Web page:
search
top

Mother, by Lucinda Gunnin

Dear Mom,

You forwarded me an email today that said we should treasure the people in our life who matter and let go of those who don’t. I understood the intention behind it and what you were trying to say. But I deleted it without sending it back to you.

I’m sure you think it was just because I hate email forwards. You’d be wrong. Oh, I do hate them, but generally I forward the sappy ones to the people I care about. Not this time.

I deleted it because I am certain that you have no idea who I am. I deleted it because you fail to see the things that are important to me and respond to them. I deleted it because of the way you have treated my husband for these last 15 years. No one says you have to love him or even like him, but treating him with respect seems like something you could do for me.

I know you try, sometimes. Maybe I’m a disappointment, not the daughter you hoped you’d have. Maybe you think this dream of mine is foolish and should be set aside. To be honest, I have no idea why you can’t encourage my success. I think you know, or I hope you do, that I’ve always dreamed of being a writer. Not just a reporter or even published in magazines, but a real honest to God fiction writer.

In July, I sent you the notice about the first contest I won. The prize money was insignificant, but the fact that it included publication in a real book. Yes, I’ve been published in magazines and newspapers. My work is all over the internet. That wasn’t the point, but you didn’t seem to get it.

To some, selling my first short story may seem like no big deal. Maybe you just knew I could do it and that’s why you never said congratulations. Not even a tiny email asking to read it. My friends knew. Many of them begged me to send it to them to read. Another made me promise not to send him a copy of the book as he wanted to buy it. You didn’t even respond to the email I sent telling you about it.

I buried that pain. Maybe you were busy with something else and just missed the excitement in my note. Maybe when the book is in your hands, you’ll feel differently. Maybe I’m spoiled, by a mother-in-law who faithfully reads everything I write.  Did you know she keeps a scrap book of my writing, Mom?  Do you?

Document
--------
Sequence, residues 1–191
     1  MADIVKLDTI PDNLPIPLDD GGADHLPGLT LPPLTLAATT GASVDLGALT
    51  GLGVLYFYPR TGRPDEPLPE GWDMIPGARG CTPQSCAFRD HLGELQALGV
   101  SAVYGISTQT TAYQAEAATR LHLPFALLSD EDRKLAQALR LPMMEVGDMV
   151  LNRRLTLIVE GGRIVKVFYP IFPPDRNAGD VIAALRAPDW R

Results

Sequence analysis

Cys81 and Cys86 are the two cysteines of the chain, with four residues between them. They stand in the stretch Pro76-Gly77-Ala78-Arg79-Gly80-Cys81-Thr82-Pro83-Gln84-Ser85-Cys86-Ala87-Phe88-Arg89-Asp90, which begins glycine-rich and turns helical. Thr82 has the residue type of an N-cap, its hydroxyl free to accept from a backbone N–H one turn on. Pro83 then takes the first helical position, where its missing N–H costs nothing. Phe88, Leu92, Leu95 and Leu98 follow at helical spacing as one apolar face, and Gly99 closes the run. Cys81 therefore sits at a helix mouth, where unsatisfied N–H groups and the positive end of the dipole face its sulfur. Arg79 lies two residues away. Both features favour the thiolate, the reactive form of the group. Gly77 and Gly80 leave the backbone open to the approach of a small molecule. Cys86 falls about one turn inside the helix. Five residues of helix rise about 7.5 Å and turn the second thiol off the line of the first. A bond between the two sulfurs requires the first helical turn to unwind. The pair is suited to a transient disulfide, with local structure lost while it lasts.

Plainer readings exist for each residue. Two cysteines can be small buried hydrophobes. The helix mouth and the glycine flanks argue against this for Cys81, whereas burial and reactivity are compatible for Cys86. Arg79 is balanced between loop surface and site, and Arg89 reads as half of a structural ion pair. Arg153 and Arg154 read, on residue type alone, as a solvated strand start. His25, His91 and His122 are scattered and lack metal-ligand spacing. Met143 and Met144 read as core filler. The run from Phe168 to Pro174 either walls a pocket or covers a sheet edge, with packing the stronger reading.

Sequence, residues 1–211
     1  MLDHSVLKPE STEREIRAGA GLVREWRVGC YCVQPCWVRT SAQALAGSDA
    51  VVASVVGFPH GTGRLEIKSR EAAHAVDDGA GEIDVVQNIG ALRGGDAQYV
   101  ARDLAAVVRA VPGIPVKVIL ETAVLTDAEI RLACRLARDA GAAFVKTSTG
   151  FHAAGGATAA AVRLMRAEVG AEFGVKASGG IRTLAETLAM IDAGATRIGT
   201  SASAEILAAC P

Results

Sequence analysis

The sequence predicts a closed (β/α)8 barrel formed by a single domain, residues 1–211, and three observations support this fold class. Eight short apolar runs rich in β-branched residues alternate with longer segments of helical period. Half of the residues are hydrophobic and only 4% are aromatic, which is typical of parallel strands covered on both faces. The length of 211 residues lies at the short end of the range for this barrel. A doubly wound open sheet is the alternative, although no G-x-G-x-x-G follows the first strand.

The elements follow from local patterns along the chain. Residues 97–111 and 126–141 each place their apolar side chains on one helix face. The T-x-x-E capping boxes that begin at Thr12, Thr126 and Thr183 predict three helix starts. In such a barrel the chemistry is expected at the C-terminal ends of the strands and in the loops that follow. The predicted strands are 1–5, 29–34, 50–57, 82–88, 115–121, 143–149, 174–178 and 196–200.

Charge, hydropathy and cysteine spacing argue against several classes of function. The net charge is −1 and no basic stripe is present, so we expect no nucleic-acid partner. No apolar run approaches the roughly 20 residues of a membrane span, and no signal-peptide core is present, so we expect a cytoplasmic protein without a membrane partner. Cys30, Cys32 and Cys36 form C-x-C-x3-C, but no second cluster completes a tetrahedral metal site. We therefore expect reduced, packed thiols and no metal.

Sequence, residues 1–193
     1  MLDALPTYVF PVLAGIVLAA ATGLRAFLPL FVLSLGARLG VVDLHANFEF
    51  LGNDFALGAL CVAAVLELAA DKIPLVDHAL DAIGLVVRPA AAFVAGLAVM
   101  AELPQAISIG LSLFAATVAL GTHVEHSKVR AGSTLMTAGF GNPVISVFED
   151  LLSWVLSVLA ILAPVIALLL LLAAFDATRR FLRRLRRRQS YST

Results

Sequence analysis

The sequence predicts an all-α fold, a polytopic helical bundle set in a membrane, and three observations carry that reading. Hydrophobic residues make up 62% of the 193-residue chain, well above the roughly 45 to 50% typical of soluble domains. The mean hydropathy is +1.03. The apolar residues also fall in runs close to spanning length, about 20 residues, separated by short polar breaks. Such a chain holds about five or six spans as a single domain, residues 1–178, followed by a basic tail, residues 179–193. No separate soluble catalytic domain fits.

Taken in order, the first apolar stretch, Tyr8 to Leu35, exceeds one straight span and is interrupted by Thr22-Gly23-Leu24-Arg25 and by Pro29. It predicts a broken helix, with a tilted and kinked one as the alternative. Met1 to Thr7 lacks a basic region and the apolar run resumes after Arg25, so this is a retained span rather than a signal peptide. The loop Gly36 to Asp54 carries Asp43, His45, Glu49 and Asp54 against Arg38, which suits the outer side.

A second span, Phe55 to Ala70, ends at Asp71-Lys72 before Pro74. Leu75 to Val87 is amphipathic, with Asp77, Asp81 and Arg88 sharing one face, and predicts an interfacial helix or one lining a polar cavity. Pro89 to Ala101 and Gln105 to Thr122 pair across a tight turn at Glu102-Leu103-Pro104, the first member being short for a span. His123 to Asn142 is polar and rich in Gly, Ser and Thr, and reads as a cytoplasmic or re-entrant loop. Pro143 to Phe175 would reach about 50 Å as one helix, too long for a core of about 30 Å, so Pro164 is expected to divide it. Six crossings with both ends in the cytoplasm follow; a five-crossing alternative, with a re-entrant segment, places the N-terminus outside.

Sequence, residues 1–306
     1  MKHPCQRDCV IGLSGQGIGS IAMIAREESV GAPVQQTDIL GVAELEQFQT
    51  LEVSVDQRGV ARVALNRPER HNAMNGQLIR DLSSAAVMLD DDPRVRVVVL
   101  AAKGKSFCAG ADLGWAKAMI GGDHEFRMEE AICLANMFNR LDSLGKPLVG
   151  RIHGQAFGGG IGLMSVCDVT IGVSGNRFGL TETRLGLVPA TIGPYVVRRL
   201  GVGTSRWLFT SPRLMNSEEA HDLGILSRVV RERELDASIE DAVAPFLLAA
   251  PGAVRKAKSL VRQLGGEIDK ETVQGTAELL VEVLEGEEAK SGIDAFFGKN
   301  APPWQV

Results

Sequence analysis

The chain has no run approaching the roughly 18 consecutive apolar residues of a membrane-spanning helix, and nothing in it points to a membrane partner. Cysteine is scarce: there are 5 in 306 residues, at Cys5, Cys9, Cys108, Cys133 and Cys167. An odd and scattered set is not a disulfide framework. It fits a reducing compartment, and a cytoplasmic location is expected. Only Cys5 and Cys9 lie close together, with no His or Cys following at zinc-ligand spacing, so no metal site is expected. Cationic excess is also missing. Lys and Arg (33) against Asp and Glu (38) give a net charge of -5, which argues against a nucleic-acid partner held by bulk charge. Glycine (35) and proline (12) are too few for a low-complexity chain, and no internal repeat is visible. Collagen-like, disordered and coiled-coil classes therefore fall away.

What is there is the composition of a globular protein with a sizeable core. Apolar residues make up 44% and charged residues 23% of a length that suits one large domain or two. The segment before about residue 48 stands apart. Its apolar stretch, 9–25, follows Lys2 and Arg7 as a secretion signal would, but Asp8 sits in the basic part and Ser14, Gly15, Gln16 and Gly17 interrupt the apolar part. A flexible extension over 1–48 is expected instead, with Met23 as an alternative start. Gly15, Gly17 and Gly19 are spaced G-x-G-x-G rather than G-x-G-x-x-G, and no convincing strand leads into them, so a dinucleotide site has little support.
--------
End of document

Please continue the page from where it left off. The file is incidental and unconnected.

But then I dared to hope again. I won another short story contest, Mom. Well, okay, technically I got third place.  Sure, there were only 500 entries, but Mom, I won $200 for my short story!

I have never doubted my ability to write nonfiction, but this was a challenge for me, letting something of myself out that I had never believed in. I thought you’d be happy for me. You never responded.

That’s why I deleted your email this morning. I was hurt and angry that you could forward this tripe about not wanting to lose people in your life, but couldn’t take the time to send me a note of congratulations. Were you out of minutes? Your cell phone broken?  Is that why you didn’t call?

There were people in my life I should have sent that forward on to, let them know how much they mean to me. But today, I was hurting because my mother didn’t care enough to say, “I’m proud of you.”

You were the one I wanted to hear from yesterday and the best I got was another forward cluttering up my inbox. My friend Laurie called me from California to congratulate me.  She called before I even finished reading the announcement that I had won. Would it be asking too much for my mother to do the same?